You know how when you buy a new PC it usually comes not just with the latest version of Microsoft Windows, but also umpteen different apps and special offers cluttering the desktop? There’s a decent chance you don’t actually want or need most of those programs — and they may even be slowing down your PC.

That’s why Microsoft has launched a program it calls Signature Series. You can now buy select computers from Microsoft stores without any bloatware preloaded. Microsoft also optimizes Windows settings for each system before selling it. And All Things D’s Walt Mossberg says the difference is that most Signature Series computers are faster than the systems as configured by PC makers such as HP, Samsung, or Sony.

Microsoft Security Series

If you happen to live near a Microsoft Store you can also take any Windows computer into the shop and have Microsoft essentially turn it into a Signature Series machine by removing unnecessary software and optimizing settings. They’ll charge you $99 for the privilege.

Interestingly, there’s a free app which has been doing something similar for years. It’s called The PC Decrapifier, and basically it lets you selectively remove most of the apps that PC makers preload on their computers to improve system performance.

I highly recommend running the app after setting up a new store-bought computer, at least to see what unnecessary software comes with the PC so you can decide whether or not you really want to keep it.

You don’t have to pay $99 to use PC Decrapifier, but I get the feeling Microsoft’s Signature Series service is aimed at less computer-savvy users who don’t want to delete the wrong things by accident.

There are a number of reasons PC makers preload apps on computers. Some are system configuration tools which might actually come in handy. Others are free trials of software that effectively serve as ads — and which software makers pay to get onto your PC, helping subsidize the cost of the computer.

Even Microsoft Signature Series computers come with some apps that are probably optional, including Microsoft’s photo, video, and other apps and a starter edition of Microsoft Office — but these can all be removed.

The company also includes Microsoft Security Essentials, a free anti-virus suite which offers much of the same functionality as you would get the free trial software from Norton, McAffee, Kaspersky and others that PC makers love to load on new computers. But Security Essentials uses fewer system resources and won’t constantly bug you to pay for a subscription.

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8 replies on “Microsoft Signature Series: Windows PCs without bloatware”

  1. I’ve bought 3 HP laptops over the last 3 years.  Of course they come with the usual bloatware, but all 3 have a restore option which allows you to restore without it. It’s in the Recovery Manager. As a general statement what you get afterwards is a clean desktop other than some HP applications. Norton, games, Ebay, MS trials etc, are all gone.  I’m not sure Windows is actually optimized, but it does make a performance difference and gets rid of the clutter.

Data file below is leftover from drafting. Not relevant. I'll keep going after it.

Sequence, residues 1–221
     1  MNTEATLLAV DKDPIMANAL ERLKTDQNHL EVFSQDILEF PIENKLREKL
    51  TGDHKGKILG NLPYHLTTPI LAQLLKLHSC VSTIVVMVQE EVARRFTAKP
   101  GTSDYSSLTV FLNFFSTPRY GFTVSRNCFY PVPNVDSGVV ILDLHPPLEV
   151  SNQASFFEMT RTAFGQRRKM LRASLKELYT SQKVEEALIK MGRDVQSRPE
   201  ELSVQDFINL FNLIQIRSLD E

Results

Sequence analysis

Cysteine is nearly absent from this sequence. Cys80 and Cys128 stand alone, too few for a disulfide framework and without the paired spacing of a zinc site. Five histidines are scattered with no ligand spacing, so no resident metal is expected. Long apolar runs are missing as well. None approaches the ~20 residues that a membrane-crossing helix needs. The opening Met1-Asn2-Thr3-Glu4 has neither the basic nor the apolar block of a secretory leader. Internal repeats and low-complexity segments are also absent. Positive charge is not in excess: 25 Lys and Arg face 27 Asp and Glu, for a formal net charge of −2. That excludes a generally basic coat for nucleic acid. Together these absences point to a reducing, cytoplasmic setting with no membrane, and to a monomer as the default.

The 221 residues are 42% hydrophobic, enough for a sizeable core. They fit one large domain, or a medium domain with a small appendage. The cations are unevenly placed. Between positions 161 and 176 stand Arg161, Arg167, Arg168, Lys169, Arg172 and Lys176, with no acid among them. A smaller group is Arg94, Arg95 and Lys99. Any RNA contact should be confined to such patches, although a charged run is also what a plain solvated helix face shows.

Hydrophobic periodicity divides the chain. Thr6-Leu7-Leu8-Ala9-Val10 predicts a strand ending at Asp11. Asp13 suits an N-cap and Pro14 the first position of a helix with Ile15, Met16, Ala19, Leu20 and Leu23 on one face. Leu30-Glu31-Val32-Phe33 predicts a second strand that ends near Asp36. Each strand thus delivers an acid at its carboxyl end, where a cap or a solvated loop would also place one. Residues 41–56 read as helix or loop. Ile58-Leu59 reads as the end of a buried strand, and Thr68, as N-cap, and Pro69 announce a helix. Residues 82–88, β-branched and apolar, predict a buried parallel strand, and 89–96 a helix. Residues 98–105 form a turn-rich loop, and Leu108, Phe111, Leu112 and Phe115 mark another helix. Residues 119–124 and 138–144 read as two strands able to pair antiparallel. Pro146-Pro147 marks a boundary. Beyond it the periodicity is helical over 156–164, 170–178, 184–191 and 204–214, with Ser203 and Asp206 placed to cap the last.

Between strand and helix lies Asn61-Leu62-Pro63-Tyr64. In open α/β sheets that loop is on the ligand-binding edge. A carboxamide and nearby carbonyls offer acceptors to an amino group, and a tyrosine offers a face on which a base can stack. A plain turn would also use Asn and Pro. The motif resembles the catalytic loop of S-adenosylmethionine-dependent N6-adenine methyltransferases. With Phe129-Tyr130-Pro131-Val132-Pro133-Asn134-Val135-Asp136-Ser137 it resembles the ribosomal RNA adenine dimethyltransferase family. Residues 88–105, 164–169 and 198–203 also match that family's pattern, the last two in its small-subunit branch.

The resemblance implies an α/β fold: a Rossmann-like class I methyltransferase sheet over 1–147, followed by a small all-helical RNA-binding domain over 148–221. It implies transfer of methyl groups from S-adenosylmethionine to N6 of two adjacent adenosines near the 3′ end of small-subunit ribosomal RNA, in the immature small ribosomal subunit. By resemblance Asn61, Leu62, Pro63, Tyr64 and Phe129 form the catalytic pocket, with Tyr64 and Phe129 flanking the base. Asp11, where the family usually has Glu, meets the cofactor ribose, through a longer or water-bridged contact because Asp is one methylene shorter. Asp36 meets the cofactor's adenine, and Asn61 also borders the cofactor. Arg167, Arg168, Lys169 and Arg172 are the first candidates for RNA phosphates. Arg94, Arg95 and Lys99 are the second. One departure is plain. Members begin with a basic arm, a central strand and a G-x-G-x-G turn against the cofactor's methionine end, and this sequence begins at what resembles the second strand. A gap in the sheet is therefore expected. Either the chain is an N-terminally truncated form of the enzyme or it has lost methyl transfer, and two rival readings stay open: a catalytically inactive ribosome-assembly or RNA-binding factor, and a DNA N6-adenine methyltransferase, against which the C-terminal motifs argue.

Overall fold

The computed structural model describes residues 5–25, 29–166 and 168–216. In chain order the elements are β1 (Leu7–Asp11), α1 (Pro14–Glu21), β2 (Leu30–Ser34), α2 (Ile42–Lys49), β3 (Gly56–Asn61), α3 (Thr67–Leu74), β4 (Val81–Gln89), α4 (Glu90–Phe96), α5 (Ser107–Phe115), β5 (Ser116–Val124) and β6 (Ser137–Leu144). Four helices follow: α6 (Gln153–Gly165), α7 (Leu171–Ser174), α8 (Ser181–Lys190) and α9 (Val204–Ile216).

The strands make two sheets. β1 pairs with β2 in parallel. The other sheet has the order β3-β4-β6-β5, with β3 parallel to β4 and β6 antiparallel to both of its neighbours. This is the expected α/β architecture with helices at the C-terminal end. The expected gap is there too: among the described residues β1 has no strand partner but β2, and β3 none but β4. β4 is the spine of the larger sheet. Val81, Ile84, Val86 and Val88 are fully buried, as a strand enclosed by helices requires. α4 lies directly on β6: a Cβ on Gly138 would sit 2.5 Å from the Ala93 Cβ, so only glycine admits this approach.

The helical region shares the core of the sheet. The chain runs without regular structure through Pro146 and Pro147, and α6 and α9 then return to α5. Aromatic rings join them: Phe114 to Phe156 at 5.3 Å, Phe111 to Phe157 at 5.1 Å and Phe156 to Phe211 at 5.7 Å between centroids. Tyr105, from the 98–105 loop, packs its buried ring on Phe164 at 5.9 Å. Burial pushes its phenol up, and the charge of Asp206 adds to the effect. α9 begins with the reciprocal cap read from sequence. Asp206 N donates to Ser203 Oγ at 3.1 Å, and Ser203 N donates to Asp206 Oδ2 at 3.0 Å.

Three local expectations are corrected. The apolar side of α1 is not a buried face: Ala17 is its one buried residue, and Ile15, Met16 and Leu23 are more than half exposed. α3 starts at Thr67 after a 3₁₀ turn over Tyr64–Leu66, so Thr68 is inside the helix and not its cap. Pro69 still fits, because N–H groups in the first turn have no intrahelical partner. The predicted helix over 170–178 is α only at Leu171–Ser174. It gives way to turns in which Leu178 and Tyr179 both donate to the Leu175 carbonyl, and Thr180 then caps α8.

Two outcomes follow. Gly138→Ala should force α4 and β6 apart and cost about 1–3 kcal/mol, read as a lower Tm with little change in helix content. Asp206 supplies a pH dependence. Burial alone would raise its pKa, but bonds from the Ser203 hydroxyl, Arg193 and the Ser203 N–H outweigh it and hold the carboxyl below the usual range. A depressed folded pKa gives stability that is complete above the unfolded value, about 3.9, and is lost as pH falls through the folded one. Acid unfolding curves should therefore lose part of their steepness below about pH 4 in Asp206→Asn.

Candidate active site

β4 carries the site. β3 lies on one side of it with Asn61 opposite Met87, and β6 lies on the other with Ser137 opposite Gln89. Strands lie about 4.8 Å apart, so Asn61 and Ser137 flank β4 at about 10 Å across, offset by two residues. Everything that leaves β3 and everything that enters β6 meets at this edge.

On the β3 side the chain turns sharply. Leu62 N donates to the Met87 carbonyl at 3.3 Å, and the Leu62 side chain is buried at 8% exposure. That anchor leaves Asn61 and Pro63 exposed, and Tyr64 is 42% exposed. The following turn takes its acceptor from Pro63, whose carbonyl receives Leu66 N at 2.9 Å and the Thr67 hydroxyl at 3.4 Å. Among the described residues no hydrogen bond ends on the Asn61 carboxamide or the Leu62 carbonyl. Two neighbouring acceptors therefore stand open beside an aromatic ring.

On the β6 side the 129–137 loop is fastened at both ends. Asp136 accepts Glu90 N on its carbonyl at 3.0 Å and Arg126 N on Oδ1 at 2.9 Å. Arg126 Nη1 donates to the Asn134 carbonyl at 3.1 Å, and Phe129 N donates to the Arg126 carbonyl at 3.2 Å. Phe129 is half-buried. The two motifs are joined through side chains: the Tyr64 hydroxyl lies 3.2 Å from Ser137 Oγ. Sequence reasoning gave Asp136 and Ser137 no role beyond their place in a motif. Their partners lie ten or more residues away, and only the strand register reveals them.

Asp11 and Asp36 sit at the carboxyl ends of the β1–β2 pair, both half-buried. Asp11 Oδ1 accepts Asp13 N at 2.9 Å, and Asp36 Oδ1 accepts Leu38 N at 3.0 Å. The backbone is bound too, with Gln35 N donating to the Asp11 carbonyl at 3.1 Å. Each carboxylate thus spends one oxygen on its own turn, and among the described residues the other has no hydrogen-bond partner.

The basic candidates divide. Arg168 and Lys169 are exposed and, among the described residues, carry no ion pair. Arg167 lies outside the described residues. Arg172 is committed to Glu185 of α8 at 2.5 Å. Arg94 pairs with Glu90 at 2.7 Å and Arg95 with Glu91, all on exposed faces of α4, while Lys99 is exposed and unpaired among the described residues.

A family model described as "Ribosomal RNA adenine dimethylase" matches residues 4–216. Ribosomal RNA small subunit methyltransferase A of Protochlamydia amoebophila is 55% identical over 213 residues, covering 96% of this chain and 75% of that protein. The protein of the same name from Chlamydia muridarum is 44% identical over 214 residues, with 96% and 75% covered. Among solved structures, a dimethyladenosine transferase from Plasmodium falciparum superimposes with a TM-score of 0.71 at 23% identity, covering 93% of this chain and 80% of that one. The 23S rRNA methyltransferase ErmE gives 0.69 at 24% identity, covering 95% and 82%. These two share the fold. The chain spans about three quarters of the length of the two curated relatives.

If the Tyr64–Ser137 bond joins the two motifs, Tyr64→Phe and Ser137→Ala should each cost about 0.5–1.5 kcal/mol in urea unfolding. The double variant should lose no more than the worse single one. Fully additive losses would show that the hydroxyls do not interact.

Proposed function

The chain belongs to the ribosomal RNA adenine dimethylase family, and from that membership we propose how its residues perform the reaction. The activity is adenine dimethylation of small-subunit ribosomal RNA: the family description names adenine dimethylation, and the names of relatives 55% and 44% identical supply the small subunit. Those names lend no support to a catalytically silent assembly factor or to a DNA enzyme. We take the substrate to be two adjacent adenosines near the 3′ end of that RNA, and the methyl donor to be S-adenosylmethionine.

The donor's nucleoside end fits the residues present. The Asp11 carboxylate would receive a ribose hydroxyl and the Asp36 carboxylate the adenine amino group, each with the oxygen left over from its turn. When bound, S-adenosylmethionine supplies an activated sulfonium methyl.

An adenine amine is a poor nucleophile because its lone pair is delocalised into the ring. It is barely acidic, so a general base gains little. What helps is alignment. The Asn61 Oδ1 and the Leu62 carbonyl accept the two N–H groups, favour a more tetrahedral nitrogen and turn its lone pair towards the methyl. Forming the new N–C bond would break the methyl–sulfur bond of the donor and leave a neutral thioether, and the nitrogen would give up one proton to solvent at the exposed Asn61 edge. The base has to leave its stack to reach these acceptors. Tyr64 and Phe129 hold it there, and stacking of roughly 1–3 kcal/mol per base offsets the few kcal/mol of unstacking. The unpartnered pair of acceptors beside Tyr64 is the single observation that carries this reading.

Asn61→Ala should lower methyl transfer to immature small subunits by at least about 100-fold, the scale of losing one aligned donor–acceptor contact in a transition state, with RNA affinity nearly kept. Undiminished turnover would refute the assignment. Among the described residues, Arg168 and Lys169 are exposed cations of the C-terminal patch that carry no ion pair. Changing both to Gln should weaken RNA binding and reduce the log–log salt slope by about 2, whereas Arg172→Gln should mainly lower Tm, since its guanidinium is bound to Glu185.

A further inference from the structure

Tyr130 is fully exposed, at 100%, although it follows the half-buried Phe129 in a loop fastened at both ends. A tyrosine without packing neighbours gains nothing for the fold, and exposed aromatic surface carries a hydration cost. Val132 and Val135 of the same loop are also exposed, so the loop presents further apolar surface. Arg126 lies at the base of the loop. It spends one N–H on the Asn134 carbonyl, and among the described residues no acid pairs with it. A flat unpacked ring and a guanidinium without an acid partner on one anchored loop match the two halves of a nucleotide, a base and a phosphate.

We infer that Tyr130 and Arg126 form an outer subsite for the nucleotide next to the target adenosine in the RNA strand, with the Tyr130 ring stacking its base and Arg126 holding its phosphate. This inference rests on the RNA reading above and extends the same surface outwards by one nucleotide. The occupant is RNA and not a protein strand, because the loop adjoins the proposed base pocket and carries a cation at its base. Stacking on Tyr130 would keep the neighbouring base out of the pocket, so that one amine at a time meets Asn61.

2. This wouldn’t be required if Windows were as easy to install as Linux.  But if you have ever actually installed Windows from scratch onto a bare drive you know it is usually a major pain, especially if you didn’t think to go download enough drivers beforehand to get the network going so you can go after the others.  And of course almost nobody CAN install Windows from scratch because they don’t get a copy of the actual product, just an OEM preload image that restores all of the crap every time you have to restore.

    1. Installing Linux is a pain too. At least on notebooks and Ubuntu. Not all hot keys and LEDs work. Multitouch trackpad features don’t work (more than just 2 finger scrolling). 802.11n has to be disabled in order to get a stable connection to an 802.11n access point. There are some workarounds for some notebooks but they’re definitely not user friendly. Sometimes driver support just doesn’t exist until someone, maybe you or me, writes it.

      It’s pretty much the same for Windows except a good OEM provides an easy to access database of drivers (ie. Lenovo and others). Just download and double click. Windows update also provides much more updated generic drives too.

    2. Like Tom pointed out, Linux isn’t always easy either and MS has made improvements over the years.  While there isn’t really a OEM version of Linux for proper comparison.

       You’re also forgetting they offer Windows as retail as well as OEM.  The only one that won’t offer a choice is Windows RT as that’s the only version of Windows 8 releases that will only be offered pre-installed.

    3. Linux is easy to install yes, but getting it to work on par with a Windows setup is not for that faint of heart.
      Linux has come a long way, but they are still a long way from matching the usability of a Windows setup.

  3. well, to this just one word … in almost 40 years of pc age i never have seen a pc from a vendor being sold performance or even usage optmized.
    selling this as a usp is therefore easy going for “la maison” it self. but certainly a reasonable service for a mainstream customer.

  4. I thought this program ha been around for a while. I’ve heard from people that have bought Ultrabooks through it.

    1. The signature series definitely has been around for a while.  I think it’s been around as long as the Microsoft Stores have.  The $99 de-bloatify service I think is new.

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